NBC's Crippled Online Olympics Coverage Attracts Small Audience
from the surprise! dept
NBC apparently got about 72 million video streams during this Olympics season, and is touting this as a great success. It's true that this is a lot more than any previous Olympics, but I don't think NBC has anything to crow about. Remember, this is the most famous sporting event in the world, and it got non-stop media coverage for close to a month. Yet in a country with 300 million people, they only got a total of 72 million streams? That's less than one stream for every 4 Americans. And as Ben Worthen points out, YouTube streamed 4.2 billion videos—60 times as many—in the month of May. So people are clearly watching a lot of videos. Most of them just aren't NBC's Olympics videos.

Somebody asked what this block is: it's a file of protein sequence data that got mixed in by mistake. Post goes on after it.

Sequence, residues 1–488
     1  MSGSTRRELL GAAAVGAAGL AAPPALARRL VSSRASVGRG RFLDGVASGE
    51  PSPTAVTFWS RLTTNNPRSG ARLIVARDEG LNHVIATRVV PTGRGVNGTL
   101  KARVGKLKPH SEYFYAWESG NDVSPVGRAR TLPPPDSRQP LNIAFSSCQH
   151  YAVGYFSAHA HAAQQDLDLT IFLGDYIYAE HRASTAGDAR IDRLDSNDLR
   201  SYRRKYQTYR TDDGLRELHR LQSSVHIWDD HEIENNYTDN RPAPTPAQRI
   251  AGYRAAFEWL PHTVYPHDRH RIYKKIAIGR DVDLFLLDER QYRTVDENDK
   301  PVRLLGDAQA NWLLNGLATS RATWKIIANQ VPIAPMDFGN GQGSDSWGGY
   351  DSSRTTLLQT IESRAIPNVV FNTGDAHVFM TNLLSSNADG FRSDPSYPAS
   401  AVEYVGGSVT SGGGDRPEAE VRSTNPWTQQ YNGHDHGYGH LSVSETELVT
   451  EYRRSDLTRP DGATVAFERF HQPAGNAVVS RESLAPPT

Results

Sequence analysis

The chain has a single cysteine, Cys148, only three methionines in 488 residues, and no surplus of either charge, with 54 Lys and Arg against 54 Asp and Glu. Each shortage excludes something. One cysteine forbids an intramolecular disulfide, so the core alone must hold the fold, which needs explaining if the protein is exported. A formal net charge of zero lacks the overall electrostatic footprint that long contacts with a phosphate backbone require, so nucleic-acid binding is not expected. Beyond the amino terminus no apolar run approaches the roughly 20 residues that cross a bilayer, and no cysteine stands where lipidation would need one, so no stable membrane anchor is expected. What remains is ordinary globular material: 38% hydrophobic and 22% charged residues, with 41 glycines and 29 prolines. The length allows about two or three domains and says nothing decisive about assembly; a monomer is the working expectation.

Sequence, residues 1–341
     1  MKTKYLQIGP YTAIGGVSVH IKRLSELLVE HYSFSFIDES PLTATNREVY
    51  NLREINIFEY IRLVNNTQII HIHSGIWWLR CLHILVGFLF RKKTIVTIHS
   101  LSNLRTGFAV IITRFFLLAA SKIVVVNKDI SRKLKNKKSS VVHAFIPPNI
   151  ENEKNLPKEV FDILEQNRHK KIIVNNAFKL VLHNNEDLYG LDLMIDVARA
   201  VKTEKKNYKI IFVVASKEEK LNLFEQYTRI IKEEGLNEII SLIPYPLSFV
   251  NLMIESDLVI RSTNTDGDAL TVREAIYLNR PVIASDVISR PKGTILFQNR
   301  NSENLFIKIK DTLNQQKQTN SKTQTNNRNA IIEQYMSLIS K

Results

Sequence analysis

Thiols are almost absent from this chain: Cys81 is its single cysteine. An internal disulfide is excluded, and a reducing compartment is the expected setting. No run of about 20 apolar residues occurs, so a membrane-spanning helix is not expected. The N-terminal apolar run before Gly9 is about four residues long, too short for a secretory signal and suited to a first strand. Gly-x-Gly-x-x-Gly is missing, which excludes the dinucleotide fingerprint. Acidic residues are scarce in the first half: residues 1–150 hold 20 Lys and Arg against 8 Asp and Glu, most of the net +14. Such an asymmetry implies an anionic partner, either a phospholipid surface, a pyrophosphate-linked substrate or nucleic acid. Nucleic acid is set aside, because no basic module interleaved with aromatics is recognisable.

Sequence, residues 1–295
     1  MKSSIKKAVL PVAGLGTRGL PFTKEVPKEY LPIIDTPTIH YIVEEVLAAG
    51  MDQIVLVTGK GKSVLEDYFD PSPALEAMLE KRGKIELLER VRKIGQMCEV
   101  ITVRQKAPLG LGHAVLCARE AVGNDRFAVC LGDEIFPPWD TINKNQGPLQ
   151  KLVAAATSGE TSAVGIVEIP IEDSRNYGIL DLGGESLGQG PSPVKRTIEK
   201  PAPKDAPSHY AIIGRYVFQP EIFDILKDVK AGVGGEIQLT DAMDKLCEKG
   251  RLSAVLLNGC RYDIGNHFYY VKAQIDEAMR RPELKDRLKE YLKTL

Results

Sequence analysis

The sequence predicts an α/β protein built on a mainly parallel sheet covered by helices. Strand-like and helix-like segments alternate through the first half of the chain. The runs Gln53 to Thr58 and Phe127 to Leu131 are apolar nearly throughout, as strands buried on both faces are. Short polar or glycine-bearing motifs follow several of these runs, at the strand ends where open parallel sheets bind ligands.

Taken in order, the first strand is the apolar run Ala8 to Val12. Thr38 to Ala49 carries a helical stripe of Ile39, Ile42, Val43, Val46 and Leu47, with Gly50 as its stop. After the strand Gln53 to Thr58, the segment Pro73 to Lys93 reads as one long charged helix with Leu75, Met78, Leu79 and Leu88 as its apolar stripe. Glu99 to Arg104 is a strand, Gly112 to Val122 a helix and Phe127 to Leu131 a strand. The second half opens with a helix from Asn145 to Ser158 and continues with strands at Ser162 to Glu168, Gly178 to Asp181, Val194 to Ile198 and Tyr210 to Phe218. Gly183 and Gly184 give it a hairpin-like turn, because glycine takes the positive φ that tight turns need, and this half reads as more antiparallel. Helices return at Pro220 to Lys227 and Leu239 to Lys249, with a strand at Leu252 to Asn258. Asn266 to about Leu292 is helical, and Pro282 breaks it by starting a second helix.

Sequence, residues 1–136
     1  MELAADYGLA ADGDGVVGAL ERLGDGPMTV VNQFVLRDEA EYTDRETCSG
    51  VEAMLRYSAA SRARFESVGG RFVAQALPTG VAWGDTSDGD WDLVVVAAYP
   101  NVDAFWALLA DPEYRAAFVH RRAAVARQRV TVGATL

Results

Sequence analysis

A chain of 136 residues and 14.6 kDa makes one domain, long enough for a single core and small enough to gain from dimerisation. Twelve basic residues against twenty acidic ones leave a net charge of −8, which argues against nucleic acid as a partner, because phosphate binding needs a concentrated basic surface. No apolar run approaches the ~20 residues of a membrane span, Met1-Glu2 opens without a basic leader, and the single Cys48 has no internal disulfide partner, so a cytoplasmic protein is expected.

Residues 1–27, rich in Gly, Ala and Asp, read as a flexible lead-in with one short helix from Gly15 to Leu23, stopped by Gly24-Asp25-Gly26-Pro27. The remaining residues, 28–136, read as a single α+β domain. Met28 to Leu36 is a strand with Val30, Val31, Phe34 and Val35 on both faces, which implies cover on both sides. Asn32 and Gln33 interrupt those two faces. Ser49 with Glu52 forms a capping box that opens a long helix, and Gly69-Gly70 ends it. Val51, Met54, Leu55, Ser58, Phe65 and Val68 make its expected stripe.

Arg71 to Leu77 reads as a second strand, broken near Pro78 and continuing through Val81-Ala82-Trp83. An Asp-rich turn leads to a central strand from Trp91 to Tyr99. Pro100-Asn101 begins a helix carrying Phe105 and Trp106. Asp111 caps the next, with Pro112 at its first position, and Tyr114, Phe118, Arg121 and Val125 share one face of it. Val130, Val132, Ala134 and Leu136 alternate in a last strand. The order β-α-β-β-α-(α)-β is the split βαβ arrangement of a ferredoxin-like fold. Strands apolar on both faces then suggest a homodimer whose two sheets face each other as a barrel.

Amazingly, NBC is "using the Olympics to assert that TV is the preferred medium of consumers," with 93 percent of all viewing. I think this says less about consumers than about NBC's own marketing decisions. The problem is that despite its protests to the contrary, NBC wasn't serious about web-based coverage of the Olympics. They held back the most popular coverage for television audiences, forcing online viewers to wait until later (sometimes much later due to a desire for tape delays) to watch the stuff they were really interested in. It looks like they also forced anyone who wanted to watch the video to download and install Microsoft's Silverlight plugin. And of course they've gone out of their way to make embedding impossible, cutting off one of the most popular ways of expanding the reach of content. Not surprisingly, when NBC makes the Internet a second-class medium for Olympics coverage, most people watch TV instead.